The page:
Outside observers and critics confronted white evangelical support for Donald Trump — not exactly a Christian-family-values figure — as a puzzle to be solved. But while many saw hypocrisy, historian Kristin Kobes Du Mez identified a number of continuities. In her book Jesus and John Wayne: How White Evangelicals Corrupted a Faith and Fractured a Nation, Du Mez argues that evangelicalism has evolved into a right-wing movement, and Trump was exactly the man many had been waiting for.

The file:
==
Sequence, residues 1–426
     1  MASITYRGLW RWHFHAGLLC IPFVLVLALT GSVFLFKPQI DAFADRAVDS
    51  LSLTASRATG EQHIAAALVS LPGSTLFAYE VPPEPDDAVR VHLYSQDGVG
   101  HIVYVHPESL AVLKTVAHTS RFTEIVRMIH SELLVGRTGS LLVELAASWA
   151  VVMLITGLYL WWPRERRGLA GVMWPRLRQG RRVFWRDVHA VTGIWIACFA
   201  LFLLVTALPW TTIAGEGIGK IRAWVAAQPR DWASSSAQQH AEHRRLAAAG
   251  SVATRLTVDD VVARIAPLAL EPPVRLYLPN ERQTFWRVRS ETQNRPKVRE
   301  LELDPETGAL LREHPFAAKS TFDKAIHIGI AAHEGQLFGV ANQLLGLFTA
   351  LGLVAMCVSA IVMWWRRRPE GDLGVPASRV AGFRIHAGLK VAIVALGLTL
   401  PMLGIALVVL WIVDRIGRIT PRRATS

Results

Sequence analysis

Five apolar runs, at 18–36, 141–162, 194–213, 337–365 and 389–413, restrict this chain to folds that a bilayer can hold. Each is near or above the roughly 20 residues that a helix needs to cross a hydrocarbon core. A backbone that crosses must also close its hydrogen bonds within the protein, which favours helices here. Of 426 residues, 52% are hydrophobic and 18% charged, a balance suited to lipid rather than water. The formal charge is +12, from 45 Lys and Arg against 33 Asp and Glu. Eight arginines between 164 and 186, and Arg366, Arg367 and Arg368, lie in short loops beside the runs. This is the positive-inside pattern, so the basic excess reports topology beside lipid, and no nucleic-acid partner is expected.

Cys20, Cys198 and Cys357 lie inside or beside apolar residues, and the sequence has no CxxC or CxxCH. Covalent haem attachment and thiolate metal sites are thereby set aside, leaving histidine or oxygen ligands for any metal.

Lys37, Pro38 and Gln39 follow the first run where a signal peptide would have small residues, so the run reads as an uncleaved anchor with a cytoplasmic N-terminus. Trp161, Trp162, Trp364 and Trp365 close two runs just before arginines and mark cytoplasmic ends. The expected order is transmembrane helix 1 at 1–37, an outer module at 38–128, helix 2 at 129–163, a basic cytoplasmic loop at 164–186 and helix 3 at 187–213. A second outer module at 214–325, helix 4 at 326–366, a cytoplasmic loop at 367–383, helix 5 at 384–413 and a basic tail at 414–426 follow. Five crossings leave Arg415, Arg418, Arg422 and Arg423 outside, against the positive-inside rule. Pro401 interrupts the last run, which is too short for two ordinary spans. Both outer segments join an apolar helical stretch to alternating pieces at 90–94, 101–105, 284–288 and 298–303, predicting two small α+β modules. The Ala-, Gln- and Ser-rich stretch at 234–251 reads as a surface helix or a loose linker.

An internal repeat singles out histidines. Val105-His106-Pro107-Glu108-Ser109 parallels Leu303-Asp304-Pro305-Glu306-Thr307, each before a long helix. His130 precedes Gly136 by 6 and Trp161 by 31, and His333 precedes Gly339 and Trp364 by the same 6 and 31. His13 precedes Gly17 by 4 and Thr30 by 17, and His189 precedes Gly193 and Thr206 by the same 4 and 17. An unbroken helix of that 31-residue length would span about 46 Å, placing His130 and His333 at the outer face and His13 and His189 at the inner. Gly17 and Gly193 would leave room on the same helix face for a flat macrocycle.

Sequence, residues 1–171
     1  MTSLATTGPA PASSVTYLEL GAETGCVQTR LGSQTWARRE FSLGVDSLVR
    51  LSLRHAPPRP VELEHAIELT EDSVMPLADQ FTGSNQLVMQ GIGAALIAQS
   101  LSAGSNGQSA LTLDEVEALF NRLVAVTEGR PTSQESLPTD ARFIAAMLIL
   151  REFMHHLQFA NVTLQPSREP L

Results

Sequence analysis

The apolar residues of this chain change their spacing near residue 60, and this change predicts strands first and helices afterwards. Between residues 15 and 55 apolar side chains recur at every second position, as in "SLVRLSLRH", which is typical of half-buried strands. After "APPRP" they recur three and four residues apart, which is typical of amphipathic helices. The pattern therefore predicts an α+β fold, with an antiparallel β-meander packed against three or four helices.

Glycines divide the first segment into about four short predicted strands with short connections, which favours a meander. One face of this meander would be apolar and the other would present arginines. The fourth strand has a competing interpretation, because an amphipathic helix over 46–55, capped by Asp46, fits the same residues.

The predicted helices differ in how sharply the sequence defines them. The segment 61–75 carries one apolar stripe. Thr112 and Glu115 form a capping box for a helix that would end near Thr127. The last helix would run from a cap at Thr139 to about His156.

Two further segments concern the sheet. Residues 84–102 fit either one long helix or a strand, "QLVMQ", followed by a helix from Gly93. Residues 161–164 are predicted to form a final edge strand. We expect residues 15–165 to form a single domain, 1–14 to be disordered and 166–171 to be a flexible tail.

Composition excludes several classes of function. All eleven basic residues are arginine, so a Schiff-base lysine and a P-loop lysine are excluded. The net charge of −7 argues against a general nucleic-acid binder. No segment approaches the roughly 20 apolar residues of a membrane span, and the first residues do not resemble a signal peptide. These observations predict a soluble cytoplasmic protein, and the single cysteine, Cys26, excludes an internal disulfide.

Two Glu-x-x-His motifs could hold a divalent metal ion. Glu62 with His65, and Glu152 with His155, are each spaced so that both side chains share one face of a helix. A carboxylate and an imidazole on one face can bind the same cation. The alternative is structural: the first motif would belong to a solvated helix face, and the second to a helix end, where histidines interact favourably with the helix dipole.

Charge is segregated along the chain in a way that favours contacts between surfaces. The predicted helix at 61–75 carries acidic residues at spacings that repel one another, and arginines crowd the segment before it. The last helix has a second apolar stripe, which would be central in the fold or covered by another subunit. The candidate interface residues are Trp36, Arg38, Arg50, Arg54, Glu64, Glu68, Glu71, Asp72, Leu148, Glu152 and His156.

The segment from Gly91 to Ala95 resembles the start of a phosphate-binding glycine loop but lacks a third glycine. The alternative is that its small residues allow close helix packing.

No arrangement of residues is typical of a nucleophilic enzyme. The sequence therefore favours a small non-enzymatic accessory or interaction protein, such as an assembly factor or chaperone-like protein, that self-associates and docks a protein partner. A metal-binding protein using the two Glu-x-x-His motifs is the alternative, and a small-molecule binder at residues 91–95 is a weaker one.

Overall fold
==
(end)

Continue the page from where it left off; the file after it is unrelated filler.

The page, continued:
On the surface, it absolutely seems like hypocrisy. But historically speaking, what evangelicals mean by “family values” always comes down to white patriarchal power. If you go back to the 1960s and 1970s, during the emergence of the religious right, you see that the issues they originally mobilized around were the authority of white parents to make choices about their children in light of racial desegregation efforts, and the assertion of traditional masculinity against both feminism and antiwar sentiment in the Vietnam era. What links these things together is the assertion of white patriarchal authority. To the extent that Trump symbolized the same kind of ethos, we really aren’t talking about hypocrisy or a betrayal of evangelical values.